You have talked about the need for Thailand to jump aboard the biotech train before it's too late. This makes us wonder what you have been led to believe about where that train is heading? Were you told, for instance, of a recent report from one of the world's leading business advisory firms, Ernst & Young, showing that publicly traded biotechnology companies in the US are estimated to have suffered cumulative losses of more than $41 billion in the last decade or so?

Were you told that the economist and biotech-industry specialist, Joseph Cort-right has described as a "bad-idea virus" the fever that sweeps through political leaders leaving them believing they must succour the money-losing biotech industry or suffer a competitive disadvantage?

Cortright's research on the biotech industry leads him to conclude: "This notion that you lure biotech to your community to save its economy is laughable."

Outside the developing world, GM crops are in serious retreat, as witnessed by Monsanto's recent announcements that it will: Stop all further efforts to introduce GM wheat globally; stop its GM canola breeding programmes in Australia; withdraw its cereal programmes from Europe. Other GM firms, like Bayer and Syngenta, have suffered similar setbacks.

You have said that Europe has opened its doors to GMOs but that is certainly not the view of countries like the US, who are trying to export GM crops to Europe. That is why the US is pressing ahead with its WTO action against the EU.

In fact, the EU has just brought in the world's most stringent rules on GMOs. Many European food companies and supermarkets also have policies of not allowing GMOs in their products.

This is the reason why the biotech industry, with the unprecedented backing of the US government, is trying to push its dubious wares in countries in Asia. Countries like Thailand have become the principal targets of a desperate industry.

GM crop supporters have doubtless told you that you are in danger of falling behind in Asia's "biotech race".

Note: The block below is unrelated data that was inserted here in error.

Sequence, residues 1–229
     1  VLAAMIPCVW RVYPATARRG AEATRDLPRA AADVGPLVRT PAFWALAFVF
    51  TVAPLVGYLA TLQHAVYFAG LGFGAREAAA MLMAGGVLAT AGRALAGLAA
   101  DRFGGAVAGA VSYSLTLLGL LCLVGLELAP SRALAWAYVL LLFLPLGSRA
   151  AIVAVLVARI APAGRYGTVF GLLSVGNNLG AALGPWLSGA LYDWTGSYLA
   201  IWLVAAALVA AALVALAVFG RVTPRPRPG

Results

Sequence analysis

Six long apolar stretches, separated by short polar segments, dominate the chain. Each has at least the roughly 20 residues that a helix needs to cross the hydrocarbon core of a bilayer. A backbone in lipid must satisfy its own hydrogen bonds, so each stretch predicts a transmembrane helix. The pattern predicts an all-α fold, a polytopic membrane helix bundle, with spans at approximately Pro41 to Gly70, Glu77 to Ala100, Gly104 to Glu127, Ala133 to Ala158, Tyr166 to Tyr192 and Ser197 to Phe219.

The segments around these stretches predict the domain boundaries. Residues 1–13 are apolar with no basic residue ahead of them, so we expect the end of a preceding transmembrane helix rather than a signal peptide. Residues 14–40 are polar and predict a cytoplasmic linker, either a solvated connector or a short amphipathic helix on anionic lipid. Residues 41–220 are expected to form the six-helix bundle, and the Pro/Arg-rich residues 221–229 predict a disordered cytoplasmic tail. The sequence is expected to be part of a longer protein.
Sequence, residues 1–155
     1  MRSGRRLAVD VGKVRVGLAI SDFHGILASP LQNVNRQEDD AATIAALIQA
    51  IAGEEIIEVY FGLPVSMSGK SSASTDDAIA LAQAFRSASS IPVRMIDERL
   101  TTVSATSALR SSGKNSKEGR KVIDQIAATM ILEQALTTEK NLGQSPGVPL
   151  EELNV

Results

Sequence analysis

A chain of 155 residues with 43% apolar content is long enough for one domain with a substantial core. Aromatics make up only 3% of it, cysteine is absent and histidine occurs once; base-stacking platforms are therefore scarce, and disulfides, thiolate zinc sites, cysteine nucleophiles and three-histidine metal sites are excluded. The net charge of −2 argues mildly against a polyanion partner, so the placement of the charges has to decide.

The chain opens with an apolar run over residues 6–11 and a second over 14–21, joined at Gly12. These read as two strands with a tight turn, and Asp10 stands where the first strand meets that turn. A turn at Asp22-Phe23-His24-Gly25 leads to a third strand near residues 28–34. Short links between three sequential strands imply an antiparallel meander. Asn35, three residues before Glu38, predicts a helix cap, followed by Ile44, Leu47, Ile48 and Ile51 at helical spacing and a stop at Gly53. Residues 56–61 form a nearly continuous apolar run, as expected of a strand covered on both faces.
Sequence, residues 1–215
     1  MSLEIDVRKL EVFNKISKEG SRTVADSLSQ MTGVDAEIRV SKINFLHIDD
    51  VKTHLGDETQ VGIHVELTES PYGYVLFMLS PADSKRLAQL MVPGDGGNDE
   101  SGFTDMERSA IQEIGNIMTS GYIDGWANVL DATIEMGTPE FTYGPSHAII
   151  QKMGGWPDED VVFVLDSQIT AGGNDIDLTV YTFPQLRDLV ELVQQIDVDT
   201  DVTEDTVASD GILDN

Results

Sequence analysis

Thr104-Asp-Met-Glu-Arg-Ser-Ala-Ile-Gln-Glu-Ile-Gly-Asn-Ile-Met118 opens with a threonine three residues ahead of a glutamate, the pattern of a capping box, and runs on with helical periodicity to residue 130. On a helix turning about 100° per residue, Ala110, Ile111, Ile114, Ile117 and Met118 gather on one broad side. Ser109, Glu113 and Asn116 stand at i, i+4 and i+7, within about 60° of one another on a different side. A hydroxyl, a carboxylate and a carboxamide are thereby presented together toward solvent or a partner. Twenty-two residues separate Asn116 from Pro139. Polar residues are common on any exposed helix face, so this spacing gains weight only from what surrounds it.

But look more closely and you'll see that that is nonsense. Monsanto has already pulled out of GM in Indonesia, where it is under investigation for corruption.

China's political leaders appear at best ambivalent about going further down the GM route because of increasing evidence of consumer hostility while experts like Prof Dayuan Xue warn that GM crops have brought no "significant benefits" to China's many small farmers.

One particularly intractable problem for your farmers and exporters is that GM contamination is difficult to contain or avoid, and the costs of trying to do so can be prohibitive. In addition, no studies have been conducted on the long-term effects of GM crops on the environment or on human health.

We therefore ask you not to base your decision solely on the advice of biotech advocates and the demands of Washington and corporations eager to export seeds and products to Thailand that are unwelcome elsewhere in the world. We ask you not to ignore the rights of your farmers and consumers just because of the hype and pressure that is coming from the US and the biotech corporations and their local supporters.

We ask you not to put at risk Thailand's excellent name for quality agricultural produce. And, most of all, we ask you to consult your farmers and consumers about whether they want GM crops.

Director, GM Watch